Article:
Our last command that we are going to run is ./craft clear-caches/all, this will ensure that any caches are cleared so that our updates are loaded in by the front end of the site correctly. Now that we’ve added our 3 commands to the scripts section of our composer.json file, we should be able to run composer update locally and see that this now also runs any migrations, syncs project config changes, and clears all caches. We still have one last piece of automation to add though. Below is a full copy of our composer file:

  "require": {
    "craftcms/aws-s3": "1.2.2",
    "craftcms/cms": "3.1.25",
    "craftcms/redactor": "",
    "servd/craft-remote-assets": "^0.1.7",
    "vlucas/phpdotenv": "^2.4.0",
    "yiisoft/yii2-redis": "^2.0.0"
  "autoload": {
    "psr-4": {
      "modules\\": "modules/"
  "config": {
    "sort-packages": true,
    "optimize-autoloader": true,
    "platform": {
      "php": "7.0"
  "scripts": {
    "post-root-package-install": [
      "@php -r \"file_exists('.env') || copy('.env.example', '.env');\""
    "post-create-project-cmd": [
      "@composer dump-autoload -o",
      "@php craft setup/welcome"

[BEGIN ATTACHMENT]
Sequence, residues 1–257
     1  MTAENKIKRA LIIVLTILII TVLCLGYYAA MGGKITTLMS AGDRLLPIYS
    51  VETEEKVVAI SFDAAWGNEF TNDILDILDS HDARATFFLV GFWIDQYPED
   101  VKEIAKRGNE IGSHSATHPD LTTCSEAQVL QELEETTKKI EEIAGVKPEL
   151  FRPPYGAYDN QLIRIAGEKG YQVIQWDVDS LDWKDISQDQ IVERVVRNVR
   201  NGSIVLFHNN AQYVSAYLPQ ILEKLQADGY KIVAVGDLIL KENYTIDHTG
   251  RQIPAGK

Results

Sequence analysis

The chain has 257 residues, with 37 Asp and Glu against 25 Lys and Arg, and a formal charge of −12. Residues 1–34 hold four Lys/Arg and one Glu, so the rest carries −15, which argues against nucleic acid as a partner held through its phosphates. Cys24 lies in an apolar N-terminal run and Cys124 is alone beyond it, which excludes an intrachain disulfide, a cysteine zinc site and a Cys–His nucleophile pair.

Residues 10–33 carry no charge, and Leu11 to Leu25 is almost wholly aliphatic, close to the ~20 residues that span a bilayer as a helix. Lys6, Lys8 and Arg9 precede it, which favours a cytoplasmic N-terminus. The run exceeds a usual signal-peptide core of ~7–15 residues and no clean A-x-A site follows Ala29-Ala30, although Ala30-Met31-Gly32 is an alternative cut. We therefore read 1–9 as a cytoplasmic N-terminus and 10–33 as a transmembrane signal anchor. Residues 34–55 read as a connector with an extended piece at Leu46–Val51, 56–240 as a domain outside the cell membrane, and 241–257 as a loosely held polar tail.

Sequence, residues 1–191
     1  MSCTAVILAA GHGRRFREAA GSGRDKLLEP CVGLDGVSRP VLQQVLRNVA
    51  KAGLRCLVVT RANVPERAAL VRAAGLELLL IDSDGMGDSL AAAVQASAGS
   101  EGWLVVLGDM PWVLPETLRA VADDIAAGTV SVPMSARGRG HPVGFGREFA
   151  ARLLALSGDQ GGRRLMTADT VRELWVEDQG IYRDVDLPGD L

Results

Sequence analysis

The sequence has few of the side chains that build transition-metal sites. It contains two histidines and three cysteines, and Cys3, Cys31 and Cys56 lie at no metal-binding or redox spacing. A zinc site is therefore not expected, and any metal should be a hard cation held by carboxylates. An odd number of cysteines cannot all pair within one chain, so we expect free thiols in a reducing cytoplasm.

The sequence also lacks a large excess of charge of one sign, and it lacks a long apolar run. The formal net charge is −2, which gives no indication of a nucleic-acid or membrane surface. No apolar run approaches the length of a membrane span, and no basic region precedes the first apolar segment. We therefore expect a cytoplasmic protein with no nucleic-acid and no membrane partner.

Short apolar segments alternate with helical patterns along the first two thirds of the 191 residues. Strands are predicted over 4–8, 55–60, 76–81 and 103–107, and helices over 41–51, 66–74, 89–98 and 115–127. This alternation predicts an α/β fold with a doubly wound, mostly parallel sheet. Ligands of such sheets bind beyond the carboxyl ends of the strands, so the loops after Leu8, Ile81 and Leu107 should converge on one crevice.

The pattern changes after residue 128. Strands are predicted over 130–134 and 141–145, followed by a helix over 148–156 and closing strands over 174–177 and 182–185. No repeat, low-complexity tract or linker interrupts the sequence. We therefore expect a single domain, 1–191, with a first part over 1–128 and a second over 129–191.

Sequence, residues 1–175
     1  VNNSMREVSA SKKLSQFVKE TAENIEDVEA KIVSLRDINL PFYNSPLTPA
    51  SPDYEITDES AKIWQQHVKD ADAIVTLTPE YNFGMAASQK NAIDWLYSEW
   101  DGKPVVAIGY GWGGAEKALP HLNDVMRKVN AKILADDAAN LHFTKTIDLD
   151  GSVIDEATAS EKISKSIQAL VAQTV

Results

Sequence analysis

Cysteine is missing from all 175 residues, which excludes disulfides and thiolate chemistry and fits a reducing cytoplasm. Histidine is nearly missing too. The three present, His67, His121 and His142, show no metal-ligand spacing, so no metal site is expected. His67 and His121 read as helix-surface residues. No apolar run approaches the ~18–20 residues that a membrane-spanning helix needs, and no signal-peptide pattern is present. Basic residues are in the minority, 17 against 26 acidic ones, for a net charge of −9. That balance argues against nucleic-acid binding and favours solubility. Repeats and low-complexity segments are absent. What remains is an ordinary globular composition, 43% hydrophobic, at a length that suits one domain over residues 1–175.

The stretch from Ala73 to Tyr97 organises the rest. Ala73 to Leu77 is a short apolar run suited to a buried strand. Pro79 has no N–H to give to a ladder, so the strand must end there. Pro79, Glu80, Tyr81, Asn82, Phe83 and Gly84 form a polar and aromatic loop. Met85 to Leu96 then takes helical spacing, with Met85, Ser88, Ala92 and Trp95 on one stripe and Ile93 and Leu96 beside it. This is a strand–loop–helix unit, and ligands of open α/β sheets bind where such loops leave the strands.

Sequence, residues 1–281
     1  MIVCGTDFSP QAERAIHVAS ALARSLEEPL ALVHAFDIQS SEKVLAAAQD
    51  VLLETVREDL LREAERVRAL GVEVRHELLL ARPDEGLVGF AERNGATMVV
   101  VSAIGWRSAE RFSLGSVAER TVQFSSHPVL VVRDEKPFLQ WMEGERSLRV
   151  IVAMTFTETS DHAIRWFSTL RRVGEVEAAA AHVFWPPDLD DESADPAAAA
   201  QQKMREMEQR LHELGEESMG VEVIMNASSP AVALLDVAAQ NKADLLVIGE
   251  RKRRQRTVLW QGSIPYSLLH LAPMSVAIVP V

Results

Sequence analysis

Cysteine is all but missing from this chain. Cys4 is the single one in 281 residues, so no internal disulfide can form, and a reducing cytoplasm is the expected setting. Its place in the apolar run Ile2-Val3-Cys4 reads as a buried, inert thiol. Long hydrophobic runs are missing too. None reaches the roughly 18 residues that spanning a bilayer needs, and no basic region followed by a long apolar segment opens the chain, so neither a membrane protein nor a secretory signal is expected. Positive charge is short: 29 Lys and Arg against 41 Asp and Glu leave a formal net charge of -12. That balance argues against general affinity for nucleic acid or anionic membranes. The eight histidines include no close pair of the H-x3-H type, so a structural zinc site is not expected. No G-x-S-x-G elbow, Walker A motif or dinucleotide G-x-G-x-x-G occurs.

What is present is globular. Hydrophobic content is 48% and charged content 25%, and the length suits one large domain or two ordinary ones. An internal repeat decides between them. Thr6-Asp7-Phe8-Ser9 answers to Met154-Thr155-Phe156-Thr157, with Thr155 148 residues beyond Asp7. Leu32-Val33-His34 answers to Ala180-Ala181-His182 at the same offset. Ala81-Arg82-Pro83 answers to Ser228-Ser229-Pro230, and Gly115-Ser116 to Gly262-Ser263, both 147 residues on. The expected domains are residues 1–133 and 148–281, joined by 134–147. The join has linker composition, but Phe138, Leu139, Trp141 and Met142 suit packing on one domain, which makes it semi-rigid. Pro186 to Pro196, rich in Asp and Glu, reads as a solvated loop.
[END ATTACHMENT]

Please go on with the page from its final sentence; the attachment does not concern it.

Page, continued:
"post-update-cmd": [
      "./craft migrate/all",
      "./craft project-config/sync --force=1",
      "./craft clear-caches/all"
    "post-install-cmd": [
      "./craft migrate/all",
      "./craft project-config/sync --force=1",
      "./craft clear-caches/all"

Automated Deployments

Currently we are uploading files to our staging server via sFTP and then running composer update over an SSH terminal connection. What we would rather do though is automate this of course. We are all about automation as this eliminates any human error and ensures that all of the files have been uploaded and the commands run correctly.

To automate this we are using a service called deploybot, of course this can be done with other providers but the idea is that we deploy directly from git to our server. Whichever service you use, you will need to make sure that you can run commands on completion.